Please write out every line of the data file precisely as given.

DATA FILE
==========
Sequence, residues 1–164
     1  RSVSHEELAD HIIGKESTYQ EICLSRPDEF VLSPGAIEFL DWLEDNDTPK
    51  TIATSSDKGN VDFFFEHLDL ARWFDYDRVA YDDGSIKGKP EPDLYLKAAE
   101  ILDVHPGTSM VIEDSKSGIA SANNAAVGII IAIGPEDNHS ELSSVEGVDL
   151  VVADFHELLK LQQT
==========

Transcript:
Sequence, residues 1–164
     1  RSVSHEELAD HIIGKESTYQ EICLSRPDEF VLSPGAIEFL DWLEDNDTPK
    51  TIATSSDKGN VDFFFEHLDL ARWFDYDRVA YDDGSIKGKP EPDLYLKAAE
   101  ILDVHPGTSM VIEDSKSGIA SANNAAVGII IAIGPEDNHS ELSSVEGVDL
   151  VVADFHELLK LQQT